Most estimated essentially affine models identify the two components of forward rates from the predictability of yields or returns alone, as described in the previous paragraph. Kim and Orphanides (2005) add direct information about the dynamics of interest rates to a three-factor model. They use professional forecasts of Treasury bill rates to help identify the expected future short rate component of the forward rate, which allows relatively precise estimation of the term premium through (1). The estimated model is stationary but very persistent: the half-life of the most persistent factor is 13 years, which allows it to generate substantial movement in long-maturity forward rates.
The results are apparent in Figure 9, where we plot the ten-year forward rate and the decomposition implied by the model. This decomposition suggests that the decline in ten-year ahead forward rates from June 2004 to June 2005 is nearly fully explained by a declining term premium. Expected future short rates edged lower over this period, but the forward term premium declined from 2-1/2 percentage points to 1. Since June 2005, forward rates have risen a little, but the term premium has remained at around 1 percent. One can likewise decompose long yields into components. The term premium component of the ten-year yield is estimated to have fallen from 1-1/4 percentage points in June 2004 to a scant 30 bps in June 2005.
All in all, given the time-variation in term premiums, the facts about risk spreads and volatilities (Figure 6), survey expectations (Figure 5), and the Kim-Orphanides estimates of affine model (Figure 9), we think that a decline in term premiums is likely to be the principal explanation for the decline in long-horizon forward rates from June 2004 to June 2005. But we cannot be sure of this. What we can be sure of is the arithmetic identity that forward rates are the sum of expected future rates and term premiums. If term premiums did not decline, then the long-run expectation of the federal funds rate must have fallen by about 1.7 percentage points. Indeed, there are economic forces that may have pushed expected equilibrium real interest rates down. For example, an increase in the global supply of savings could represent a permanent leftward shift in the IS curve, resulting in lower expected future real short-term interest rates. Or, investors may have scaled back their expectations for future productivity growth amid weak business investment. Still, economic growth was robust, inflation was drifting up and a 1.7 percentage point decline in expected future short-term interest rates would seem surprising. But arithmetically, this is the only alternative explanation to a fall in the term premium. In a similar calculation, on average over the last 20 years, the spread between the federal funds rate and ten-year forward rates is 2 percentage points, which is an estimate of the average term premium over this period. The ten-year forward rate now stands around 5 percent. This means that either the expected federal funds rate ten years' hence is close to 3 percent, or that the term premium is below its average over the past 20 years.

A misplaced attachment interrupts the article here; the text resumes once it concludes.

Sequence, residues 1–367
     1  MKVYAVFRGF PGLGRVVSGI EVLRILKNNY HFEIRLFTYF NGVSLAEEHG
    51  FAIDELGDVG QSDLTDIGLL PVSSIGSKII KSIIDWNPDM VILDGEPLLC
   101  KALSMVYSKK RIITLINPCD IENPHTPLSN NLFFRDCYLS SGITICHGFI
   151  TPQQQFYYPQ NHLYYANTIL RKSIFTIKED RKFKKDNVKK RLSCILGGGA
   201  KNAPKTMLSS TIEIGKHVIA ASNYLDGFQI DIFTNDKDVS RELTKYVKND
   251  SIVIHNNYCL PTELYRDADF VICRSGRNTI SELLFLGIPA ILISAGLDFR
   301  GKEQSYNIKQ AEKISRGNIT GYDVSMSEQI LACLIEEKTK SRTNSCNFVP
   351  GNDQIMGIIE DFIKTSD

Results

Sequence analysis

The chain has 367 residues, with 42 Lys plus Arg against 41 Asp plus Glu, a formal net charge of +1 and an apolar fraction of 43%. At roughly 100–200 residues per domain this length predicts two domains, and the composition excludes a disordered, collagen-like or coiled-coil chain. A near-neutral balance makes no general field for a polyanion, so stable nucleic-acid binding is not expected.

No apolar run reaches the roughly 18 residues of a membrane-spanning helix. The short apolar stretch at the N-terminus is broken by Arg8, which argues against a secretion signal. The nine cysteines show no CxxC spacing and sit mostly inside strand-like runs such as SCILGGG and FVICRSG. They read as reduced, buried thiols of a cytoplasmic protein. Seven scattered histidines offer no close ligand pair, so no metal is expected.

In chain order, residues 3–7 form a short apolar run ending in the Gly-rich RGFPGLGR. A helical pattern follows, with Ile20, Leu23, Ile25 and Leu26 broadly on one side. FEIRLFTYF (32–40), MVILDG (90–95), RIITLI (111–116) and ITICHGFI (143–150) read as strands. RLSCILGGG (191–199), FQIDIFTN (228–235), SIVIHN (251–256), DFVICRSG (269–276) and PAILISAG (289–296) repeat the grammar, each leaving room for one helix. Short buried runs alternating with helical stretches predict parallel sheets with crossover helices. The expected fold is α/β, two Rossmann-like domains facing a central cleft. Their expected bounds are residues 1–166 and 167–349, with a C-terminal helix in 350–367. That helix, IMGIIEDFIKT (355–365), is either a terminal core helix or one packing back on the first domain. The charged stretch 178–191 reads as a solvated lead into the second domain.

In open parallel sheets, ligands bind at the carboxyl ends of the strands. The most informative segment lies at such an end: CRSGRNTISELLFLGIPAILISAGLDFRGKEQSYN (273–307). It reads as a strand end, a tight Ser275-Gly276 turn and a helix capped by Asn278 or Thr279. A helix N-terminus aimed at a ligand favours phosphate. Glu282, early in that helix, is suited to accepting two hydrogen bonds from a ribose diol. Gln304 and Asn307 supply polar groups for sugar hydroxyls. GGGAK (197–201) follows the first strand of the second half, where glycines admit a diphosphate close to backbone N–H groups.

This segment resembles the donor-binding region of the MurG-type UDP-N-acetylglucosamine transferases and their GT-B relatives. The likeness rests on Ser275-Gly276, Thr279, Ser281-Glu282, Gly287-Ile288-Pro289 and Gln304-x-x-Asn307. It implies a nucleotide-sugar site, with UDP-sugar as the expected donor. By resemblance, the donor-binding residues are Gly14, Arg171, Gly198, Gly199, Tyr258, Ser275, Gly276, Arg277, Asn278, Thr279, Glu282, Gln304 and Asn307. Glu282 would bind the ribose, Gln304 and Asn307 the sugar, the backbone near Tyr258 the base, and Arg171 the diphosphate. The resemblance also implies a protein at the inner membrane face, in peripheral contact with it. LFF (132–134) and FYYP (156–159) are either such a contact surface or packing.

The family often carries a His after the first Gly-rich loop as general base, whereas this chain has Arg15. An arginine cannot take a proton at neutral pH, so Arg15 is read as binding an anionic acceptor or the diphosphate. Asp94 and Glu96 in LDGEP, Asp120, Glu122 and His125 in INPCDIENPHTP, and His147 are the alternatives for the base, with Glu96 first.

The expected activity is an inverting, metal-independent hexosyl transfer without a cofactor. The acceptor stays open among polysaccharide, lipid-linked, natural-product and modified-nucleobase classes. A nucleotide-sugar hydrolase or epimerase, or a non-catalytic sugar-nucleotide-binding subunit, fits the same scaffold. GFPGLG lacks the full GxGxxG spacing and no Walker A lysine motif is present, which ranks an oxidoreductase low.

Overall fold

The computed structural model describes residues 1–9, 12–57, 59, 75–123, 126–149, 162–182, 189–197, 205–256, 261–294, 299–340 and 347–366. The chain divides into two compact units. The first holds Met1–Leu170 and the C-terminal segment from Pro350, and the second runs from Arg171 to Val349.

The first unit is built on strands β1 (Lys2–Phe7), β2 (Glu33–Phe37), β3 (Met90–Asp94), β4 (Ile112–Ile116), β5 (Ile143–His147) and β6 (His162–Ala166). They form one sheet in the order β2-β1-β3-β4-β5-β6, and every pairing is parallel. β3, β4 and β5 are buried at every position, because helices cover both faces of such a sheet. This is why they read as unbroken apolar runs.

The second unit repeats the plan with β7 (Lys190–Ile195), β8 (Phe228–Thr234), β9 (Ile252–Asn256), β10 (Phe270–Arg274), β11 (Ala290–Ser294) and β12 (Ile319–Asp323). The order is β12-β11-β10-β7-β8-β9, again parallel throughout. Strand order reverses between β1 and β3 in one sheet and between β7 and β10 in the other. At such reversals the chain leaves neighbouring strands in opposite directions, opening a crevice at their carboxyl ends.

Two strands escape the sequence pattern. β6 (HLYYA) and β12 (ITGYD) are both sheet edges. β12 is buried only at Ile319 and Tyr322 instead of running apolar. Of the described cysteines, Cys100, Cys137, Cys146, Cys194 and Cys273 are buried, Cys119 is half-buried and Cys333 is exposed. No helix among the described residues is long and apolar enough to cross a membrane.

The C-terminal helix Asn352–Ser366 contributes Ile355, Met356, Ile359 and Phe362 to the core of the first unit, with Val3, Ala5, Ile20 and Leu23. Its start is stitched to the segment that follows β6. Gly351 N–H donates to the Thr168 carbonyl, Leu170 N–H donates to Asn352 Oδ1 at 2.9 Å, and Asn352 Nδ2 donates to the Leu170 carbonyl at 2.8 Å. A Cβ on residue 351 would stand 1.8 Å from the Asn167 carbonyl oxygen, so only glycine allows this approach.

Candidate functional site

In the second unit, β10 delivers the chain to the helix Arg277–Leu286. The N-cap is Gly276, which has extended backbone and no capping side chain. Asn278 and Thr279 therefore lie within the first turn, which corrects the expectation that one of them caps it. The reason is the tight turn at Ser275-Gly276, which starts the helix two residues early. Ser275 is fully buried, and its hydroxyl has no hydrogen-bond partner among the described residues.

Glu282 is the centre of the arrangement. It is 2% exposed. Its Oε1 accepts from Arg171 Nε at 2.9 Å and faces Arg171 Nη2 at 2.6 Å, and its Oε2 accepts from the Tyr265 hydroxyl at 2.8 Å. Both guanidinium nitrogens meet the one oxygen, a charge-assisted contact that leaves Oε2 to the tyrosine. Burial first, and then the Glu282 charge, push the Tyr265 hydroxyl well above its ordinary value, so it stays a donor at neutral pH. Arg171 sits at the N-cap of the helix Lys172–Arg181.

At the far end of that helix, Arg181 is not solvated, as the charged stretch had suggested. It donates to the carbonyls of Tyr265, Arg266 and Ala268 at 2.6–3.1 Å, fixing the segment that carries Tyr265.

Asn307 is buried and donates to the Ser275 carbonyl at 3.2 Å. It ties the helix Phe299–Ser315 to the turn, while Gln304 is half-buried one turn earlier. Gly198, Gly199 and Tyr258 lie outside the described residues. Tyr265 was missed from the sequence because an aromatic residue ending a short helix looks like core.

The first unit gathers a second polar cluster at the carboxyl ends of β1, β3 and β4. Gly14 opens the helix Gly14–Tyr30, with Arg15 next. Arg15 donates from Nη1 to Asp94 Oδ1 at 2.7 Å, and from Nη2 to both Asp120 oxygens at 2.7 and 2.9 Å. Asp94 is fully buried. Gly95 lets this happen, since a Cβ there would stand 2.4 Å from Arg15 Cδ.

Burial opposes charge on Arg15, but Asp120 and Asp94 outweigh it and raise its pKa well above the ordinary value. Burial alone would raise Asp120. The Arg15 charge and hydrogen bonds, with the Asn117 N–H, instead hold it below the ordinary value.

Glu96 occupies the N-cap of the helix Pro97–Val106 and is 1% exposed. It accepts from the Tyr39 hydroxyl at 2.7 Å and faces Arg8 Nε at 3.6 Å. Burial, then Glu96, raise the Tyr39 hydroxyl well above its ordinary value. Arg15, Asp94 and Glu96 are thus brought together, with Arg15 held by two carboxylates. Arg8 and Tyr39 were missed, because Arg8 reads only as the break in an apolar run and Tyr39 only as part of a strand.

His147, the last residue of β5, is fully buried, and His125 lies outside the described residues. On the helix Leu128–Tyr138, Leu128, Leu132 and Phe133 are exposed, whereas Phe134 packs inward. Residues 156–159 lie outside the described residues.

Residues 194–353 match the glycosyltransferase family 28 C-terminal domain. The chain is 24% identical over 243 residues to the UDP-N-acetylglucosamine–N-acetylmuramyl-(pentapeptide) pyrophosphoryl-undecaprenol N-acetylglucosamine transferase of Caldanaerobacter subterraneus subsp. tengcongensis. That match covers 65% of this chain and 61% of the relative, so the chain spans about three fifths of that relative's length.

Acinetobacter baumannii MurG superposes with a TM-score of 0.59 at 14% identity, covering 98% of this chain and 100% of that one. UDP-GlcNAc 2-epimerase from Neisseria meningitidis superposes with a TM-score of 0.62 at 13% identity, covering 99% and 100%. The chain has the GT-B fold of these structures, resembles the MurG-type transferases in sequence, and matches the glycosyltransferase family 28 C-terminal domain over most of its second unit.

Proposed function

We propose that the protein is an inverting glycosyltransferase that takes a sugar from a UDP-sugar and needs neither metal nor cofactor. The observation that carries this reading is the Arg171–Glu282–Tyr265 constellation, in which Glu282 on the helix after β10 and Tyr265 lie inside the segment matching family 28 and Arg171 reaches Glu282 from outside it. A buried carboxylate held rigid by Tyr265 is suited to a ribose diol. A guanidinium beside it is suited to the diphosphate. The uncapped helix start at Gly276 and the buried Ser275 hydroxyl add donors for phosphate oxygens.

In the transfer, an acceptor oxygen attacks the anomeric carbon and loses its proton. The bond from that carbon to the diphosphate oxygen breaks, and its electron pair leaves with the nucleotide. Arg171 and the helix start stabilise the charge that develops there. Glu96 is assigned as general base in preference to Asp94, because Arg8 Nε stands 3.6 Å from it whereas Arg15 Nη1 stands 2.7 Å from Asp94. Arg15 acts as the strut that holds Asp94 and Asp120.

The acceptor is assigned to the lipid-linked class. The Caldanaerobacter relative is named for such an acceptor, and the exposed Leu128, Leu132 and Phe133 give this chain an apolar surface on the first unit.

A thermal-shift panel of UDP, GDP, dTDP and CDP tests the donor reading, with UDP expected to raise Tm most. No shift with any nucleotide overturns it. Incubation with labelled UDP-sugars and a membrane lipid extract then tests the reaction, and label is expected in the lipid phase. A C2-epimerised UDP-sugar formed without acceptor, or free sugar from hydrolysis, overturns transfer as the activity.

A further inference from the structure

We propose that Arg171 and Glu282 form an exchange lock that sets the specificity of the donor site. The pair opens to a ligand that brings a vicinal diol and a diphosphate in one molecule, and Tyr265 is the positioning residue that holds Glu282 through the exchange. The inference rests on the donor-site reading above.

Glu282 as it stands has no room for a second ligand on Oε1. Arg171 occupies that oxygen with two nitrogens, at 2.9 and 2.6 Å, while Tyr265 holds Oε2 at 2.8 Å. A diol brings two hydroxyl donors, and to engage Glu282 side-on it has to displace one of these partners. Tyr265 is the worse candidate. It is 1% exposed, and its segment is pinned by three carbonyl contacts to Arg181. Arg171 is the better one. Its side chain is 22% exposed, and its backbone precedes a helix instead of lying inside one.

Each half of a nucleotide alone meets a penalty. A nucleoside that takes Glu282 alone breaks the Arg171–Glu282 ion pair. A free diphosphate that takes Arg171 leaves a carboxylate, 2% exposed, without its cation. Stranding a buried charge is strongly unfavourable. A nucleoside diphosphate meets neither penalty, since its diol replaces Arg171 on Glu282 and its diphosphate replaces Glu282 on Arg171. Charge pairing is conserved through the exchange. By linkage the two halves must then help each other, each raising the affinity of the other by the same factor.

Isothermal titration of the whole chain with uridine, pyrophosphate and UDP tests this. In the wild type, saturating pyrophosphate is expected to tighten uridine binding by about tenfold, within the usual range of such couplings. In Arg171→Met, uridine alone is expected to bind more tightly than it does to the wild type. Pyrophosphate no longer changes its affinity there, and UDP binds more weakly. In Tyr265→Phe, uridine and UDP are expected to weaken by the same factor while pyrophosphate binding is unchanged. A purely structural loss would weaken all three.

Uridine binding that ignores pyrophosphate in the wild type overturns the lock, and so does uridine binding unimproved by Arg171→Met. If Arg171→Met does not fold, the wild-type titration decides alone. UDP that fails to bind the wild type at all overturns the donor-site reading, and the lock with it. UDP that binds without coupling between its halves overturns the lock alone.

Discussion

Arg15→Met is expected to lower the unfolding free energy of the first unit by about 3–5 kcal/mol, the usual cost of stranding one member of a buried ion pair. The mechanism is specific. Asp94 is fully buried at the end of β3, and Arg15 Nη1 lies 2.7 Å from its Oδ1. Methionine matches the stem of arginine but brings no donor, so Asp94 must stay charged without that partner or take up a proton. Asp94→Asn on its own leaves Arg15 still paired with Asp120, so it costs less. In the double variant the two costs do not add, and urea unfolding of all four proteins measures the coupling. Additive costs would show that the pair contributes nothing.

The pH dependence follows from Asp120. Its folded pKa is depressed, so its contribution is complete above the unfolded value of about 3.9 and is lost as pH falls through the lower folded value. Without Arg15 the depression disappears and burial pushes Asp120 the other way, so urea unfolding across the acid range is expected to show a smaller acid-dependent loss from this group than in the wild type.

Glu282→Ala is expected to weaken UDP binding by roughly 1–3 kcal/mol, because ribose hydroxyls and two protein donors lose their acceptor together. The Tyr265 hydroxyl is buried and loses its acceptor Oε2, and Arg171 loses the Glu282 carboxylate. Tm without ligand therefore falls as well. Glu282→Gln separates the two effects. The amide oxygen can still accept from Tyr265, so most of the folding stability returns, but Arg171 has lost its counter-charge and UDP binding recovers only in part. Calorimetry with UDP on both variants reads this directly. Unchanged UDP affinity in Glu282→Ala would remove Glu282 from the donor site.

Affine models suggest that term premiums fell in the recent past, but the absence of macroeconomic structure in these models makes it difficult to say why. Did Federal Reserve policy change? Did macroeconomic risk fall? Are any of the ideas mentioned at the start persuasive? We fill the gap with a combination of speculation and casual empiricism.
The first issue is the cyclical behavior of the term premium. There's a wide range of evidence on asset returns that suggests that risk premiums in general are countercyclical: smaller in booms than recessions. Cochrane and Piazzesi (2005, 2006) and Ludvigson and Ng (2006) are good examples for bond returns. Since the recent period has been an expansion, we would indeed expect term premiums to have declined. And this helps explain the otherwise-puzzling correlation between unemployment and distant-horizon forward rate shown in Figure 3.